Archive for the ‘Mars’ Category

Water Is Detected in Mars!

August 1, 2008

Phoenix Mars Lander confirms the presence of water in the red planet. University of Arizona scientists say the vital and limiting factor of life as we know water to be on Earth is detected for the first time near the polar north of the intriguing planet on July 30, 2008.

The definitive confirmation of water away from Earth offers scientists clues on the origin, formation, evolution, and outcome of planetary systems. It brings new postulates regarding the habitability of heavenly bodies. The significant discovery of the Lander’s sophisticated instruments also strengthens the possibility of life in the solar system and in the outer reaches of space. Photo Credit: H2O on Earth/Toriaj

Mars Exploration: Inching Its Way To Find The Ultimate Proof Of Life

July 18, 2008

Space exploration is moving ahead to prove what we’ve long suspected. After years of myth and lore on what goes on in our solar system, a quintessential find might be in the offing. We’re at the brink of finding the most compelling evidence of life in Mars which could alter the way we look at ourselves and the space around us.

Not long after the Martian Phoenix Lander successfully landed on the red planet, the instruments discovered solid ice. Water, its liquid form, had been regarded as a vital ingredient for life to thrive. This week, scientists showed us new photos of the Martian landscape’s interior: brown rocky plains, meandering riverbeds, and red dunes against a dry mysterious horizon.

In astonishing detail which delighted geologists, Mars revealed more lakes, pools, towering cliffs, stone-covered plains, sandy basins, and dendritic gulleys reminiscent of the Arizona’s Grand Canyon carved over eons by what might be the work of water torrents.

Though the landscape looks sere, the awesome footprints of once flowing rivers are there. It’s said, the presence of clay-like substances called phyllosilicates, suggests liquid water percolated into the stony planet’s surface during the Noachian period, about 4.6 billion to 3.8 billion years ago.

“The big surprise from these new results is how pervasive and long-lasting Mars’ water was, and how diverse the wet environments were,” said Scott Murchie, Compact Reconnaissance Imaging Spectrometer for Mars (CRISM’s) principal investigator at the Johns Hopkins University Applied Physics Laboratory in Laurel, Maryland.

“Water must have been creating minerals at depth to get the signatures we see…What does this mean for habitability?…. It was a benign, water-rich environment for a long period of time,” said John Mustard of Brown University in Providence, Rhode Island, who worked on the study. ScienceNews/Reuters (07/16/08, Fox, M.)

At the heart of our excitement, old controversies of space exploration roil. People of religion are wondering if finding life away from earth contravenes the teachings of faith. Those concerned with the economy think whether space travel is a waste of money which could benefit the millions of starving people on earth. Nations mull on what use we have with the mineral-rich real estate in Mars that will benefit mankind (Photo Credits: NASA, FUBerlin, DLR, AP, Reuters.)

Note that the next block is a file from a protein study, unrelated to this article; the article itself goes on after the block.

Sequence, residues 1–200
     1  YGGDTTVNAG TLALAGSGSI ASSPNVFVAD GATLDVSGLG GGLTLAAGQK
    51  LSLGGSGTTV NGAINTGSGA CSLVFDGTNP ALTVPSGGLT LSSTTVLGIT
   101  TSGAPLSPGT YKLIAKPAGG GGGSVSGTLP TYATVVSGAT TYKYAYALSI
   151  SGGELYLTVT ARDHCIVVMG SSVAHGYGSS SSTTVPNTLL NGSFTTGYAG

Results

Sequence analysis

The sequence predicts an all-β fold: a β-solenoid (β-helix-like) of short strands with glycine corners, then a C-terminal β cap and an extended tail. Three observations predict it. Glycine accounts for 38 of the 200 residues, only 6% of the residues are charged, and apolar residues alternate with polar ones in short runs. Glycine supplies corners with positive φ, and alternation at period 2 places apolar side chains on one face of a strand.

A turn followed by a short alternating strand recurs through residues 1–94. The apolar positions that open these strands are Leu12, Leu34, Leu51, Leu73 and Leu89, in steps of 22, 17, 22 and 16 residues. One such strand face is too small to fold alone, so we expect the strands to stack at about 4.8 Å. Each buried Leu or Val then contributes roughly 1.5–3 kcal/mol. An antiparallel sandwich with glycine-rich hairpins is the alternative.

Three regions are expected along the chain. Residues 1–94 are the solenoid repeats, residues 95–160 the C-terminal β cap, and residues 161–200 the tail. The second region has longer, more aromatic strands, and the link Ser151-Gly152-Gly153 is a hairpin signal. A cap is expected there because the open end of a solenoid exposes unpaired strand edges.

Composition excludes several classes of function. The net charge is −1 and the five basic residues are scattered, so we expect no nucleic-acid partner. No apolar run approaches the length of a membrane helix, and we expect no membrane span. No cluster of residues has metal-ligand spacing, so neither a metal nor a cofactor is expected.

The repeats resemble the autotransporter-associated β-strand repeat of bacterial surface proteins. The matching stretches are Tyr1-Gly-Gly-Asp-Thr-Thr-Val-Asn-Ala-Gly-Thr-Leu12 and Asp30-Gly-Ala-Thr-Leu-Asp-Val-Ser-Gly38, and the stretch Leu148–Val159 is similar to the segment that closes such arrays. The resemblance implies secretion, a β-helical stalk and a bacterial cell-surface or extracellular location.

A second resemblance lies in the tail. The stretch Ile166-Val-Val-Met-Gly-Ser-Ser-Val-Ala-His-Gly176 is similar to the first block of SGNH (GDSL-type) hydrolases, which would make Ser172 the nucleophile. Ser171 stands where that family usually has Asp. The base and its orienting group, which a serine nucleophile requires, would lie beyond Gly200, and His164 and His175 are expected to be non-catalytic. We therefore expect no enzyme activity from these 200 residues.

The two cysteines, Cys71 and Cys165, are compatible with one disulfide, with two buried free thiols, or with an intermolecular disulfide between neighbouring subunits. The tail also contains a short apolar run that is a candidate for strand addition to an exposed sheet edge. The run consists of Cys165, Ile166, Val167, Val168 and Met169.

The bottom line: We’re getting the fruits of the hardwork, ingenuity, vision, and will-power of men who want to advance the frontiers of human endeavor. With new discoveries at hand, old theories must go for better understanding of the secrets which lurks in the ink blackness of space. =0=

What’s up in Mars?

May 27, 2008

Amber sky, phantom vapor rising
Over a stretch of land, away from home
Ruddy-brown rocks,
Marbles polished by time
Furrowed river covered by sand
Jigsaw puzzles abound
Parched relics of ages
One must understand
.

AFM, 02/03/04

After the successful Martian travels of Viking in 1976 and the two rovers Spirit and Opportunity in 2004, Phoenix Mars Lander arrives on Sunday, May 25, 2008 on the north pole of the red planet—an intrepid odyssey of a spacecraft, 171 million miles from its earth launch in Cape Canaveral, Florida on August 4, 2007.

With a scaled price of $420 million and powered by solar panels and lithium batteries, the 3 month mission led by scientists from University of Arizona, aims to unravel more of the planet’s secrets whose polar latitudes might harbor clues of life or carry its building ingredients.

The Phoenix will dig down to the icy layer. It will examine soil in place at the surface, at the icy layer and in between. It will scoop up samples for analysis by its onboard instruments….Has Mars ever had life? How should humans prepare for exploring the planet? What can Mars teach us about climate change? (Phoenix Landing, Mission to the Martian Polar North, NASA, 5/08).

There are many questions to answer. The mission ignites fresh hopes and old controversies—- Will it find evidence of habitability in the Martian surface? Is money poured to fund the space program better spent in solving some of the world’s serious problems? What will the military do with the enormous potentials of outer space? Who’ll gain ownership of space and determine the property rights of celestial bodies? Is robotic exploration better than sending humans to the cosmos? For God believers, agnostics, and atheists, what does it mean if life is discovered away from planet earth?

A minor radio problem hinders the smooth operation of the lander two days after the successful landing, but Gary Napier of the Lockheed Martin Space Systems which built the spacecraft assured, “Phoenix has performed extremely well, beyond our expectations. Currently it is in great shape.” AFP (05/27/08.) ==0==